League: NCUA proposed rule’s potential benefits countered by pressure, uncertainty in key provisions
Thursday, July 9, 2020
COLUMBIA and RALEIGH—While it supports the National Credit Union Administration (NCUA) proposed rule on subordinated debt, the Carolinas Credit Union League sees the rule’s one-year expiration of debt and changes to application timing as shortsighted, according to the League’s Wednesday, July 8 comment letter to NCUA Secretary Gerard Poliquin by SVP/General Counsel Jeanne Couchois.
The proposed rule has positive potential, Couchois notes, as it expands eligibility for the source of additional capital beyond Low-Income Credit Unions (LICU) to non-LICU complex and non-LICU new credit unions.
“Alternative capital will provide another source of funds, increasing credit unions’ flexibility for daily operations as they mature and become complex,” she adds. “While we support NCUA’s efforts in drafting this rule, we encourage the agency to revisit several requirements.”
First of those concerns is a one-year expiration of subordinated debt that the NCUA intends as a failsafe in anticipation of material changes in application details. Such changes are unlikely or identifiable in regular call reports and examinations, Couchois notes, adding that the extensive application process coupled with the expiration timeframe could rush a credit union’s strategic consideration and due diligence.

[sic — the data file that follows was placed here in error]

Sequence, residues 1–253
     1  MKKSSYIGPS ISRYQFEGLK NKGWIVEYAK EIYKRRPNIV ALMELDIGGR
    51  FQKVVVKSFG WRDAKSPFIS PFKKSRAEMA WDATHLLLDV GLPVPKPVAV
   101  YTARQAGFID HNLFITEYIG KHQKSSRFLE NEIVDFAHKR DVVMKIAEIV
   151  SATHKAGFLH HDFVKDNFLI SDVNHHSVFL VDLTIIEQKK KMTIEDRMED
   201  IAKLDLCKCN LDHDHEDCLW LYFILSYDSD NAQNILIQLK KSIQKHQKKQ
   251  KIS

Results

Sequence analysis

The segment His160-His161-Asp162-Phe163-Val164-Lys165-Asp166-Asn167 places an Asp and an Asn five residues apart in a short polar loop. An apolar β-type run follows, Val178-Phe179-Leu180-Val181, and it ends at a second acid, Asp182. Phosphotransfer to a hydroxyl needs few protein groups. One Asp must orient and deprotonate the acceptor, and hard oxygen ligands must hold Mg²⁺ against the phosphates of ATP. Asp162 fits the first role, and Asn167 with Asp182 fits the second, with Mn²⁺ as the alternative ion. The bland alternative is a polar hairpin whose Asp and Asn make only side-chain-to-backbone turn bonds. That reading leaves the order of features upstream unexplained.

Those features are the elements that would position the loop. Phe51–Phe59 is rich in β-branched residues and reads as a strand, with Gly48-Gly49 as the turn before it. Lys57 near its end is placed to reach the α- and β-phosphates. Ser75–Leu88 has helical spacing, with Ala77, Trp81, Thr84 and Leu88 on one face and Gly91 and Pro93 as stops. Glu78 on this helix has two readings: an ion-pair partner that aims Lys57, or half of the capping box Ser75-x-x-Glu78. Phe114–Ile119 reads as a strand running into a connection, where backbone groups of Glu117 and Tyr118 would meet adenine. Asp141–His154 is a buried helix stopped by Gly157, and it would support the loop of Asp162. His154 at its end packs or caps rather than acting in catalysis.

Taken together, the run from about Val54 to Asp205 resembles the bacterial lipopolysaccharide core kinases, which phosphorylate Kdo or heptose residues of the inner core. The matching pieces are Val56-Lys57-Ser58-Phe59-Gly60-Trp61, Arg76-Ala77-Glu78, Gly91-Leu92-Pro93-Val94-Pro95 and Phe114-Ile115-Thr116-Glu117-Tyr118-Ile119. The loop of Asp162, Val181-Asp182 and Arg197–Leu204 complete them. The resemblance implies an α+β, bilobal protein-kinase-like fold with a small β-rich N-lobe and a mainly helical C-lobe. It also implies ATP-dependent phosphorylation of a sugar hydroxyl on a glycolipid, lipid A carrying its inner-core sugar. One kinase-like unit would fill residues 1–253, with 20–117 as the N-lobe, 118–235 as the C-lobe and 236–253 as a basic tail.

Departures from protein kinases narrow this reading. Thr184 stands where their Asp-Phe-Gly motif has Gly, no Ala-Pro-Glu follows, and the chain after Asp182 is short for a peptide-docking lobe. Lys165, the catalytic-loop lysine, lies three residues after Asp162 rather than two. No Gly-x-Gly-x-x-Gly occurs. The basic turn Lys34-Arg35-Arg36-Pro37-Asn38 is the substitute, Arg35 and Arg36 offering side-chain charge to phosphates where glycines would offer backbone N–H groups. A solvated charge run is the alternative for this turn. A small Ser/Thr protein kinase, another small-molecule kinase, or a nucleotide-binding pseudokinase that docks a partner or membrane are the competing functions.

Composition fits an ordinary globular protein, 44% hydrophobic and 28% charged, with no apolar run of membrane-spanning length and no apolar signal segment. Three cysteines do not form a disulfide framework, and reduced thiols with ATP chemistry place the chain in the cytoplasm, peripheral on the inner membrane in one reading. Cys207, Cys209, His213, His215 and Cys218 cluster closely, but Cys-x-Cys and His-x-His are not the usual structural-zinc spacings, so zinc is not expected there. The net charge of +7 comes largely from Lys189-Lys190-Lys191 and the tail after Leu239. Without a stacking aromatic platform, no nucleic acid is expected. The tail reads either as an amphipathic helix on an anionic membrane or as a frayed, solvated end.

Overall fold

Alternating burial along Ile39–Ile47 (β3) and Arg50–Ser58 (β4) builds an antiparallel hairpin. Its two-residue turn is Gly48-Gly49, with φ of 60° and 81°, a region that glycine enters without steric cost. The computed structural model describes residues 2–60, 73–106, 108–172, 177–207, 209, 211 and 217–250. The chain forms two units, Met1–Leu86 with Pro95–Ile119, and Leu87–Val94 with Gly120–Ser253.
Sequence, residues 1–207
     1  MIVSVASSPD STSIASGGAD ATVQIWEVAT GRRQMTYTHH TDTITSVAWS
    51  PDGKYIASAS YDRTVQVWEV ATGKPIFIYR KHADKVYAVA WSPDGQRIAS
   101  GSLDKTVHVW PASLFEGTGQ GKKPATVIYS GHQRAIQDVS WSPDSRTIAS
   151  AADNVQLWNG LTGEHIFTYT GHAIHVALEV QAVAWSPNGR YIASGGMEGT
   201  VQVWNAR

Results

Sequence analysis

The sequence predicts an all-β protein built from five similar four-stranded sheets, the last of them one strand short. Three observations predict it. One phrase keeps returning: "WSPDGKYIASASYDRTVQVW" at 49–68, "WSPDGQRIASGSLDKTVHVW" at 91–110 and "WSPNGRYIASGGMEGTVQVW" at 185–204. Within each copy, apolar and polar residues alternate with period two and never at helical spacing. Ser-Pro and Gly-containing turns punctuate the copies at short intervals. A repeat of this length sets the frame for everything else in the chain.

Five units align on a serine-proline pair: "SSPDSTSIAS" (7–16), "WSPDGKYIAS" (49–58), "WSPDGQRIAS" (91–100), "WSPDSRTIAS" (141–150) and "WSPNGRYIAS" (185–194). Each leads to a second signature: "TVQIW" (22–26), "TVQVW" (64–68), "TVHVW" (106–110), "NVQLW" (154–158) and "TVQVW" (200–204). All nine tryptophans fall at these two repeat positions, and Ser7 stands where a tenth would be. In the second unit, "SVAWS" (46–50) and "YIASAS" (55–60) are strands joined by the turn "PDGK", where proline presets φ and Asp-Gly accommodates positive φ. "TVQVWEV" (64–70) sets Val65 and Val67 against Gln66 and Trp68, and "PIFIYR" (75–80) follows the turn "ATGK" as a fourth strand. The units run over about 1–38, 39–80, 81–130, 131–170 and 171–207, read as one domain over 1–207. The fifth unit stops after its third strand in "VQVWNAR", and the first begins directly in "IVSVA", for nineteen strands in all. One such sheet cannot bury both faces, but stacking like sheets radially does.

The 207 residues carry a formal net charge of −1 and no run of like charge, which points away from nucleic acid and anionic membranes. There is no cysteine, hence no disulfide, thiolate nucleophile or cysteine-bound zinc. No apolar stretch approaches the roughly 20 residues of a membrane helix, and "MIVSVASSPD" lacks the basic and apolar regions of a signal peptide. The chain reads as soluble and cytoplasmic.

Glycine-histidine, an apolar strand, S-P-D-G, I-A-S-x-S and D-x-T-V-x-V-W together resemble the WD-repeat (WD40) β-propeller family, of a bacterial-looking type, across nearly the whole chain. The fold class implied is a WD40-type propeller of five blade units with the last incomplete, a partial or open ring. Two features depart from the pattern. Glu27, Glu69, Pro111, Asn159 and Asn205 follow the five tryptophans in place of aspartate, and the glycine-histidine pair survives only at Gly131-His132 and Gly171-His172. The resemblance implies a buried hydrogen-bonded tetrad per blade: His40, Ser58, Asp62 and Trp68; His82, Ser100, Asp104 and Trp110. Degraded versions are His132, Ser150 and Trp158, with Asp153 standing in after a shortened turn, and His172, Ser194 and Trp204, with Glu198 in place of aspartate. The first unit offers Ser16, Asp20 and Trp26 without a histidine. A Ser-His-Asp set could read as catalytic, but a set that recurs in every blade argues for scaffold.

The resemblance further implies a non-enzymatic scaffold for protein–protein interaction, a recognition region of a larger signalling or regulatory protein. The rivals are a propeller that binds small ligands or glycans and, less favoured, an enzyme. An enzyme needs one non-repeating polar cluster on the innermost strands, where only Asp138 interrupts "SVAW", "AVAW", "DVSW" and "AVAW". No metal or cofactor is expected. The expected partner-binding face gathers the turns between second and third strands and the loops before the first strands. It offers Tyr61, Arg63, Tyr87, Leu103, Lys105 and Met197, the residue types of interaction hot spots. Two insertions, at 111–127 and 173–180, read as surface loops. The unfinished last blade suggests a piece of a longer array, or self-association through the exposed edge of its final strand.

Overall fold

Instead, the League recommends a standard allowing the NCUA to rescind an approval of subordinated debt in the event of a material change in a credit union’s financial condition, given the opportunity for discussion of the agency’s finding.
Second, the NCUA proposed rule adds uncertainty to the application process by extending the current 45-day review period to 60 days, removing automatic approval when the NCUA does not notify an applicant credit union of its status, and allowing regional offices to extend the deadline for additional documentation or incomplete applications. Each proposed change represents potential added cost to the credit union to pursue and receive approval.
Couchois and the League recommend maintaining the current 45-day review period and automatic approval provision.
Together, the provisions of concern are costly and counter to the positive intent of the proposed rule as a whole.
“NCUA published the subordinated debt rule to offer credit unions another way to increase their capital,” Couchois concludes. “As such, CCUL encourages the agency to also consider the costs, time commitment, and burdens the current proposal places on credit unions.”
See details in the NCUA Proposed Rule on Subordinated Debt and the League’s comment letter to the NCUA. For more information on this or other risk, compliance, and governance concerns, contact the League's Risk Management Resources Department.